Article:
San Jose

San Jose Leaders Under Fire For Failing to Act Despite Flood Warnings

Water officials say San Jose city officials received several warnings that flooding was imminent but failed to evacuate thousands of residents who were trapped in their homes after a creek broke its banks.

John Varela, board chairman of the Santa Clara Valley District, says in a letter sent Tuesday to San Jose Mayor Sam Liccardo that his agency and the National Weather Service gave the city all the warnings necessary to call for an evacuation ahead of the Feb. 21 flood but it failed to act.

San Jose Mayor Sam Liccardo arrived to a tense atmosphere at the water district's public meeting Wednesday. 

He reiterated what he has said all along: he and the city take responsibility for the late response. But he emphasized that San Jose relies on water district data to respond, and that the data on the creek's flow and capacity were "wrong."

The mayor said he was concerned the district might not agree. The water district board thanked the mayor for attending and chided him for the criticism, saying data they provided was generally accurate and probably "misinterpreted."

"If that is ultimately the conclusion of the district, then that leaves us little choice than to hire our own hydrologists and engineers and figure it out for ourselves," Liccardo said.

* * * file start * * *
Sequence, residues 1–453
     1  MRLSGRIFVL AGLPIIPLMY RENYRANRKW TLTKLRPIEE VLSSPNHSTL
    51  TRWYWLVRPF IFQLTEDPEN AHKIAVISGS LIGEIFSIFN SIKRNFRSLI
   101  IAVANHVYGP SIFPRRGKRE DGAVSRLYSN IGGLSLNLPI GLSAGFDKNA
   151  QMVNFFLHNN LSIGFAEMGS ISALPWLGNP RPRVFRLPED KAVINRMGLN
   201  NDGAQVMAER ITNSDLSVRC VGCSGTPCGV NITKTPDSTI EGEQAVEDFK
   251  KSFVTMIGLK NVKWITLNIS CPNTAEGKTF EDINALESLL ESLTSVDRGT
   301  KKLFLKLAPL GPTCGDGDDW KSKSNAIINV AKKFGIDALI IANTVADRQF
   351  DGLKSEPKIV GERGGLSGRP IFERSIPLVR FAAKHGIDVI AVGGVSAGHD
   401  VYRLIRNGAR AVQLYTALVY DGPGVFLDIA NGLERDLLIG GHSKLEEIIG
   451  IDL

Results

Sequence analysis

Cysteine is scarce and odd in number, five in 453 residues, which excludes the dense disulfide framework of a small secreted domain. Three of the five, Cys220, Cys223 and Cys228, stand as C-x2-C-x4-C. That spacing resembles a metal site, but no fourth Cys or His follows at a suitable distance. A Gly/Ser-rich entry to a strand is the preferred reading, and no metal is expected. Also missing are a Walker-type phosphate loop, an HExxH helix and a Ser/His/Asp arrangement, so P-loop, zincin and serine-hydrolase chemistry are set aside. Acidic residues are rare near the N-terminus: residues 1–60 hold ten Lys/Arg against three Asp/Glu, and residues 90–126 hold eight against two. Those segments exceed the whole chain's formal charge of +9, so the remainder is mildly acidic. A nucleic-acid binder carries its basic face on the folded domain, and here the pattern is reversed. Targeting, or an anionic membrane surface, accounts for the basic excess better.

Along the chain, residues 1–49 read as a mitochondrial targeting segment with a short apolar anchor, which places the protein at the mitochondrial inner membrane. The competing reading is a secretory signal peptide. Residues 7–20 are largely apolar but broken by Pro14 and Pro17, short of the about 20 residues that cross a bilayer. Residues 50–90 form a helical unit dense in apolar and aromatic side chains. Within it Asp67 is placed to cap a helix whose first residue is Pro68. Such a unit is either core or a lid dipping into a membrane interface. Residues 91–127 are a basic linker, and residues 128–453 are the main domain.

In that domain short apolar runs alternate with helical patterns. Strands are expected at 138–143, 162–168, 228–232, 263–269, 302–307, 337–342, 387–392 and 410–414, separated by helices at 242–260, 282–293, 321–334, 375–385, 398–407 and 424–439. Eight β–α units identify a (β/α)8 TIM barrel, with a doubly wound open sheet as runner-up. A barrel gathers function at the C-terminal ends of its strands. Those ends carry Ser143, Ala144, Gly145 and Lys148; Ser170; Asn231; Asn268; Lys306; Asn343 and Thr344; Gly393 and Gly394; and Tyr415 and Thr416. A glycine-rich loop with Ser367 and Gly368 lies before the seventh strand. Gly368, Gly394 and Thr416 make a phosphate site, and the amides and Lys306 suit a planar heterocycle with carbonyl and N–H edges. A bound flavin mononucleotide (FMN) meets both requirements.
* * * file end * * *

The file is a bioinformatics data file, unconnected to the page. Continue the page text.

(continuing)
San Jose came under fire for ordering more than 14,000 residents to evacuate after contaminated floodwaters from a swollen Coyote Creek had flooded homes.

Liccardo has said the city acted late because it relied on projections from the water district showing the creek could hold more water before flooding.

Liccardo also stated that his primary focus at this point is to prevent flooding from overwhelming the South Bay city in the future.

"As I’ve said before, this is not the time for bureaucratic finger-pointing – particularly since the city has repeatedly accepted responsibility for fixing the problem," Liccardo said in a statement. "We all need to focus on protecting our residents from the threat of future floods."

In the end, the board extended an olive branch.

"We're on the same page with you," board member Tony Estremera said. "Let's resolve whatever conflicts there are and move on."

NBC Bay Area's Robert Handa contributed to this report.

Copyright AP - Associated Press
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